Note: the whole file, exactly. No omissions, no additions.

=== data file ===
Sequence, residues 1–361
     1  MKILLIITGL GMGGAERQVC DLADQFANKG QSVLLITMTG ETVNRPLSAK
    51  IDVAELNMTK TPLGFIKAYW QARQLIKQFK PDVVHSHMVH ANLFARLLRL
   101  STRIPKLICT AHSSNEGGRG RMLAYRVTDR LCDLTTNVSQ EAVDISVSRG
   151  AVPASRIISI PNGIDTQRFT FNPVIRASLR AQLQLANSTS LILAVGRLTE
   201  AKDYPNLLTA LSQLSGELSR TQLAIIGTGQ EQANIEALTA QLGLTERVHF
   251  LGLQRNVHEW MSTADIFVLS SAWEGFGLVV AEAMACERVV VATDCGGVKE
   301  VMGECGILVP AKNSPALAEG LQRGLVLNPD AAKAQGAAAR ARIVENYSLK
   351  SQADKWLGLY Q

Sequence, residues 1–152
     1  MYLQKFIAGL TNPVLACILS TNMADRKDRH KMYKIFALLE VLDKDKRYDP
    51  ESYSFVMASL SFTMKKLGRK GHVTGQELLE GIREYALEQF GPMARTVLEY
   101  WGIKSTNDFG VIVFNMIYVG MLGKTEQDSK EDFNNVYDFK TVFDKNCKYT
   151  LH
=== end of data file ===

Sequence, residues 1–361
     1  MKILLIITGL GMGGAERQVC DLADQFANKG QSVLLITMTG ETVNRPLSAK
    51  IDVAELNMTK TPLGFIKAYW QARQLIKQFK PDVVHSHMVH ANLFARLLRL
   101  STRIPKLICT AHSSNEGGRG RMLAYRVTDR LCDLTTNVSQ EAVDISVSRG
   151  AVPASRIISI PNGIDTQRFT FNPVIRASLR AQLQLANSTS LILAVGRLTE
   201  AKDYPNLLTA LSQLSGELSR TQLAIIGTGQ EQANIEALTA QLGLTERVHF
   251  LGLQRNVHEW MSTADIFVLS SAWEGFGLVV AEAMACERVV VATDCGGVKE
   301  VMGECGILVP AKNSPALAEG LQRGLVLNPD AAKAQGAAAR ARIVENYSLK
   351  SQADKWLGLY Q

Sequence, residues 1–152
     1  MYLQKFIAGL TNPVLACILS TNMADRKDRH KMYKIFALLE VLDKDKRYDP
    51  ESYSFVMASL SFTMKKLGRK GHVTGQELLE GIREYALEQF GPMARTVLEY
   101  WGIKSTNDFG VIVFNMIYVG MLGKTEQDSK EDFNNVYDFK TVFDKNCKYT
   151  LH